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Jacobson building repairs could cost $300K

One of the downtown buildings owned by the city of Albert Lea is facing continued deterioration and is in need of repair before damage worsens and repair costs rise, the city’s building official said Monday during the Albert Lea City Council work session.

Building Official and Zoning Administrator Wayne Sorensen said the Jacobson Apartments building, which is between the former Freeborn National Bank building on the north and Stadheim Jewelers on the south, has cracks developing on mortar joints and terra cotta blocks that are cracking. A few blocks have even fallen off the structure, leading to the decision to put scaffolding up underneath at the base of the building as a safety precaution. 

“What we’ve got with the Jacobson building is pretty severe,” Sorensen said. 

He said in the 2000s, the city spent a large amount of money on exterior renovation of the bank building, repairing parts of the facade and parts of the roof. He said to his knowledge, renovations were not made on the adjoining Jacobson building at that time. The building is presently occupied on the lower level by The Interchange Wine & Coffee Bistro. 

The Jacobson’s first two floors were constructed in 1888, and the two upper floors were added in 1923. The building shares a staircase and an elevator with the Freeborn National Bank building nextdoor, which is owned in part by Mortarr. 

Sorensen said the terra cotta facade is made up of blocks that are glazed and finished and that are baked similar to pottery. Each block has a piece of metal baked in, and each is tied into the building structure with a wire hook. He said over the years if the building joints are not maintained, cracks develop on the mortar joints as the building freezes and thaws.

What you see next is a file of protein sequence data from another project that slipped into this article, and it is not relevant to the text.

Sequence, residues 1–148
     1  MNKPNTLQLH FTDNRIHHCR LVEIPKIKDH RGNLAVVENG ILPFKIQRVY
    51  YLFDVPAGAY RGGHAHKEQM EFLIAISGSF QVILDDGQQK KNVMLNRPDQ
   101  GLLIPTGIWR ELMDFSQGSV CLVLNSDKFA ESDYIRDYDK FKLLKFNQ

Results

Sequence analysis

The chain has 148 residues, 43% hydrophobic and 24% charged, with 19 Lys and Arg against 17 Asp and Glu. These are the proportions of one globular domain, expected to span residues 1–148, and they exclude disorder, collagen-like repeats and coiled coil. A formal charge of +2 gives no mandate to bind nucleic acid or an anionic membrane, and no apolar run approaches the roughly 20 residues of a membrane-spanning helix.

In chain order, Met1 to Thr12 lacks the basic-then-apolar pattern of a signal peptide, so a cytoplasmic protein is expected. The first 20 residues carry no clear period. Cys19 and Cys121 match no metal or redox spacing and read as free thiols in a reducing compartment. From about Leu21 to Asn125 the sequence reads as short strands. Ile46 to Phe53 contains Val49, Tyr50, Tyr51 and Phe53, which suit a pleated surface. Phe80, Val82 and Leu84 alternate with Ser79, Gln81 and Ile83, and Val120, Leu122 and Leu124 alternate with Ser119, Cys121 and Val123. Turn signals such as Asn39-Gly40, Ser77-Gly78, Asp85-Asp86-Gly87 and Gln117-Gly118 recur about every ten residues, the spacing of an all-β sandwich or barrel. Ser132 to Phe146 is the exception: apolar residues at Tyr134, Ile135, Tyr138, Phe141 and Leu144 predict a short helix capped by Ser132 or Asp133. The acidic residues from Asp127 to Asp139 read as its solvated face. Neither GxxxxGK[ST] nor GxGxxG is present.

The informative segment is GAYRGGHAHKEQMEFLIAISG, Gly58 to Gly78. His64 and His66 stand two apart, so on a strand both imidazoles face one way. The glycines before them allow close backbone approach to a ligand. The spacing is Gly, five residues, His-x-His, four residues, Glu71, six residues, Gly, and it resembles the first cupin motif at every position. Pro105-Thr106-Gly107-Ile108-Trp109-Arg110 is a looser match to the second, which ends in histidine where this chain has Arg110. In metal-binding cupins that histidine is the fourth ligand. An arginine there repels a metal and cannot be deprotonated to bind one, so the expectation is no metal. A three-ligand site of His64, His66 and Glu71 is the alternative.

To get the building fixed would include taking the damaged blocks off the building and repairing or replacing them. Blocks would need to be sent off to California or New York where artists would build replacements. The blocks would take several months to dry and would then be glazed to match the existing building.

He described the repairs as “very involved” and “very expensive” and said he plans to seek bids for the project, hoping that after competitive bidding the costs for repairs will come in under $300,000.

The council briefly discussed whether there was money in the budget to cover the repairs and whether other projects in the city’s capital improvement plan could be moved to a different year to cover the cost. 

Sorensen said every year the building endures another winter, it takes on more damage, which ultimately will increase the cost further.

Several of the councilors said they did not think the city should delay the project. 

Finance Director Kristi Brutlag said staff and the council would have to look at other projects scheduled to take place and see if any could be moved to a different time. 

“I think it’s pretty obvious this is a public safety concern,” Mayor Vern Rasmussen Jr. said. 

Look to the Tribune online for more from Monday’s work session and council meeting.